Alucarda (1977)

Alucarda is:

A 1977 nunspolitation/vampire/Mexican horror/Exorcist inspired film about two girls who become possessed by Satan.

The source of many My Life with the Thrill Kill Kult samples, specifically the song “And This Is What the Devil Does.”

A movie filled with so much screaming, it upset my dog.

All of the above and so much more.

Juan López Moctezuma, the director of the film, was close with Alejandro Jodorowsky (some claim he was behind the camera for El Topo). So you should expect something much stranger than your average horror film.

In a Mexican convent and orphanage, a new girl named Justine arrives. She becomes close with another orphan named Alucarda, who was born in a mysterious barn and may be evil before this film even starts. In fact, she often appears in the film out of the shadows, filled with menace and questioning everyone’s faith.

While the two girls — whose relationship is nearly sexual — play in the forest, they discover a band of gypsies and the barn where Alucarda was born. Then, of course, they open a casket and unleash Satan, who possesses them. They take part in an orgy where the literal goat-headed one himself shows up, which is only stopped when Sister Angélica prays for Jesus to intervene. The witch conducting the ritual is struck down in bloody fashion.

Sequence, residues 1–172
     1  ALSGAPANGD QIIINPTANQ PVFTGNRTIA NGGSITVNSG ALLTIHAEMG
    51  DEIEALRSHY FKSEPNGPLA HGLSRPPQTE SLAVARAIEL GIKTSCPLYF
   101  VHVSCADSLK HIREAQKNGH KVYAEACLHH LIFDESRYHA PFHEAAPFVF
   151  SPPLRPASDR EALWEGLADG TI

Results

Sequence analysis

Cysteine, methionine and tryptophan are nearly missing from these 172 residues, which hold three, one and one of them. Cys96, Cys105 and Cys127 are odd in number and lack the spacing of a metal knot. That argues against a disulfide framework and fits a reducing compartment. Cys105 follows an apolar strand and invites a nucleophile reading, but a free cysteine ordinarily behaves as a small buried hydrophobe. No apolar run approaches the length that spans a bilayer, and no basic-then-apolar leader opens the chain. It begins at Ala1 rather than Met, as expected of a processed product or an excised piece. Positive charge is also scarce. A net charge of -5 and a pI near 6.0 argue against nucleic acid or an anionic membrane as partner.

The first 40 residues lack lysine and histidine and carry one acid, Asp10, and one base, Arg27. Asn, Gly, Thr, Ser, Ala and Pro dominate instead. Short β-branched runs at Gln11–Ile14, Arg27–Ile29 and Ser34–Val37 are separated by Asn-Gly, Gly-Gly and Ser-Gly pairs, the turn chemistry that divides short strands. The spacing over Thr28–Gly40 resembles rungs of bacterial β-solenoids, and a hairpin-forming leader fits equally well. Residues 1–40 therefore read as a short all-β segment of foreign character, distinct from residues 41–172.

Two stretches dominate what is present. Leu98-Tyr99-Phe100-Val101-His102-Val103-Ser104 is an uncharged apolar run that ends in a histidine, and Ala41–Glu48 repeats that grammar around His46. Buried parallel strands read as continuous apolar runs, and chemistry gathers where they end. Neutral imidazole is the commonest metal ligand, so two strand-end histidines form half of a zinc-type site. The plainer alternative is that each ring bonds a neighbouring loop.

A title card comes up telling us that this is the end of part one. I stood up and cheered. I was home alone.

Justine and Alucarda start questioning every mass and even praise Satan out loud, questioning the faith of every member of the convent. Father Lazardo demands an exorcism, one that costs Justine her life. Alucarda is saved at the last moment by Dr. Oszek (Claudio Brook, who also appeared in Del Toro’s Cronos and who also plays the hunchback who leads the women into the forest). Now, Alucarda has a new love interest, the Doctor’s daughter Daniela.

Alucarda isn’t done. She must have her revenge. She possesses a nun and sets her on fire. Father Lazardo beheads her and the entire monastery must self-flagellate to prepare themselves to fight Satan.

Justine’s body is gone — it’s in the barn where Alucarda was born. When they open it, it’s filled with blood and she emerges, now a vampire. While Alucarda kills everyone else. Sister Angélica attempts to save Justine. The doctor tries little spurts of Holy Water but it’s not enough. He barely escapes with his life, while the sister pays the ultimate price. Only Angélica’s dead body can stop Alucarda, who screams and disappears.

You know how I get evangelical about movies? Well, Alucarda is one of them. From the sets to the clothes to the acting to sound design to the just plain weirdness of it all, there’s never been a movie quite this weird. And with the movies I’ve seen, that’s an achievement.

3 thoughts on “Alucarda (1977)

  1. Pingback: The Nun (2018) – B&S About Movies

  2. Pingback: Ten possession movies that aren’t The Exorcist – B&S About Movies

  3. Pingback: CHILLING CLASSICS MONTH: Dr. Tarr’s Torture Dungeon (1973) – B&S About Movies

Leave a Reply

Fill in your details below or click an icon to log in: Logo

You are commenting using your account. Log Out /  Change )

Facebook photo

You are commenting using your Facebook account. Log Out /  Change )

Connecting to %s

This site uses Akismet to reduce spam. Learn how your comment data is processed.